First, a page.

The outlook for the second half of the year is slightly better. After several quarters of weakness, Russian wage growth is likely to pick up a bit in the coming months as public sector wages increase and labor market conditions continue to tighten, Capital Economics said in a note in May. . “This should mean that GDP growth is holding up better than consensus anticipates for the remainder of 2019,” the consulting firm said in a note.
The VAT hike also hit wages, as the nominal wage increase of just 5.5% year-on-year in the first quarter was almost entirely absorbed by the similar rise in inflation.
However, since the inflationary effect of VAT has been very moderate, according to CBR economists, inflation should quickly fall back to the CBR’s 4% target, which will give a few percentage points a boost. percentage to real wage increases in the process. .
Inflation is currently 5.3 percent. Coupled with a sharp slowdown in industrial production in March, analysts now expect the CBR to improve things further for real wages by cutting rates earlier than expected in June. This will revive growth in the second half of this year.
The mood of the population has improved slightly as inflation expectations among the population are falling by more than 9 percent and slowly converging with the actual inflation rate. This should support consumption in the second half of the year and will also make it easier for the CBR to lower rates.
Overall, the first quarter results were mixed and the situation will improve slightly in the second thanks to Russia’s strong macroeconomic fundamentals. But to really make a noticeable difference in people’s lives, national projects have to work and it is not happening yet.
Putin is already feeling the pressure after state pollster VTsIOM reported that confidence in the president fell to its lowest level in nearly two decades, to 31% in May from more than 70% he ten years ago.
Slow progress in implementing national plans has led Putin to chew on MPs on live television and fueled tensions between different branches of government.
The Kremlin has placed great emphasis on national projects which are the state’s main investment program, but critics say insufficient attention has been paid to improving the environment for people. business and that state-led investments alone will not be sufficient to stimulate growth to achieve the target of 3% GDP growth by 2021. At most, the program could increase the economic potential of Russia by 0.5%, the International Monetary Fund said, Bloomberg reports, and most other economists are forecasting growth below 3% for 2021.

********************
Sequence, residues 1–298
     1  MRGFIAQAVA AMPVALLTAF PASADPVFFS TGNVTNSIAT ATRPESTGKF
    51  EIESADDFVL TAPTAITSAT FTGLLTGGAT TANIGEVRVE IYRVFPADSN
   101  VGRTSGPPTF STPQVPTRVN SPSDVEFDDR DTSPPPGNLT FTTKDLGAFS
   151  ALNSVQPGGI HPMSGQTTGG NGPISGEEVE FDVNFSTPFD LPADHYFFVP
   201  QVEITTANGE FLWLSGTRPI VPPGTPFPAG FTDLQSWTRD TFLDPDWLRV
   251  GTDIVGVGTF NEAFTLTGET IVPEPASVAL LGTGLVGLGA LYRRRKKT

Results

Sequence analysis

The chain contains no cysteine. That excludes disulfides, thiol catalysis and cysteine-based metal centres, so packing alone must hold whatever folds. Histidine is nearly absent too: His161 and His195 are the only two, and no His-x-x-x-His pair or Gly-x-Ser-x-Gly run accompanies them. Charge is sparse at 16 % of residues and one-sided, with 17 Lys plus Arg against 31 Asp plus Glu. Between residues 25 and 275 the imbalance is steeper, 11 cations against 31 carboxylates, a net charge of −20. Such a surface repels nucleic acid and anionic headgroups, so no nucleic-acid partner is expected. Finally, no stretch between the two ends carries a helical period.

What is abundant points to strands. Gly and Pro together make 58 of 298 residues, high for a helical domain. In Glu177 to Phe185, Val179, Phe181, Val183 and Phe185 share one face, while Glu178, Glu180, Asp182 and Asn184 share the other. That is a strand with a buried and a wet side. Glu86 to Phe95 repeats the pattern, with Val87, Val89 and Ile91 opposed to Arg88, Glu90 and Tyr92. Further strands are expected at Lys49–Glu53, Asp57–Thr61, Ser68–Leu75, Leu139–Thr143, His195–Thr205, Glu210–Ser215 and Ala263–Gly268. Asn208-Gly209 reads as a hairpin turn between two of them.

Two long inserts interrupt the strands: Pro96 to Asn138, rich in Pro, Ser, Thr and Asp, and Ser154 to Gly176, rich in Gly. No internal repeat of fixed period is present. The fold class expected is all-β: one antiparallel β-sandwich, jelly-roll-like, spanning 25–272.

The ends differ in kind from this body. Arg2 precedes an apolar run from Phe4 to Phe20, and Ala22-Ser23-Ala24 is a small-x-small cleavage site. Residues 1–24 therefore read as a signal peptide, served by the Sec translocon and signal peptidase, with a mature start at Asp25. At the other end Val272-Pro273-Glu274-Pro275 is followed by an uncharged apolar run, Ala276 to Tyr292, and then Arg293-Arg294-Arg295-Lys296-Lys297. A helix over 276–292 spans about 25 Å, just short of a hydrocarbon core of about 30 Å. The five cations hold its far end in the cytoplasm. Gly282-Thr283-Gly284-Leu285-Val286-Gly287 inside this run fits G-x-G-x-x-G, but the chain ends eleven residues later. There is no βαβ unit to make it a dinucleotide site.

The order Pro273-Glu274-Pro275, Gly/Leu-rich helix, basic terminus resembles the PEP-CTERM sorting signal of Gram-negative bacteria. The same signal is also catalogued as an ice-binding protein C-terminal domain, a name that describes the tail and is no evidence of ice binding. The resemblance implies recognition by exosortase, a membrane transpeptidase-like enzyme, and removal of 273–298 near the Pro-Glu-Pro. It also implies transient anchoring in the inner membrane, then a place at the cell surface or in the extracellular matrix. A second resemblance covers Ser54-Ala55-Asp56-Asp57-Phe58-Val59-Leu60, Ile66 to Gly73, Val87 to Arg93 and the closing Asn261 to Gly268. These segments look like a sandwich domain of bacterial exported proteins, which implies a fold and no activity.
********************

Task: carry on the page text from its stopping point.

“The projects are divided into 13 focus areas, each managed by a different set of officials and ministers with granular benchmarks to be achieved, such as building 180 war memorials by 2024 and improving the freight train speed of 28% on average. What is missing are crucial details like how the larger of the projects will be financed and how they will help the economy, ”Russian economist Scott Johnson said as quoted by Bloomberg.
Much of the program’s first year has already been lost due to internal squabbles over which projects to include and how to fund them. A $ 5 billion rail bridge to Sakhalin Island was scrapped after authorities figured out how few trains would use it. A high-speed connection from Moscow to Kazan was abandoned because it was too expensive. All programs need to be carefully evaluated, but there is a sense of urgency as Putin pushes for results. This conflict prepares the program to repeat the mistakes of the Soviet Union when officials used to “storm the plan” to achieve the goals set by Gosplan for their economic efficiency.
If the plan is unsuccessful and the Russian economy continues to grow below 3%, it will lag behind the rest of the world. What this means in practice is that while life will continue to improve in Russia, it will improve more slowly than the world economy and it will slowly but inevitably fall behind, which means lower levels. relative living conditions and economic stagnation.
This article is taken from the bne IntelliNews Russia monthly report.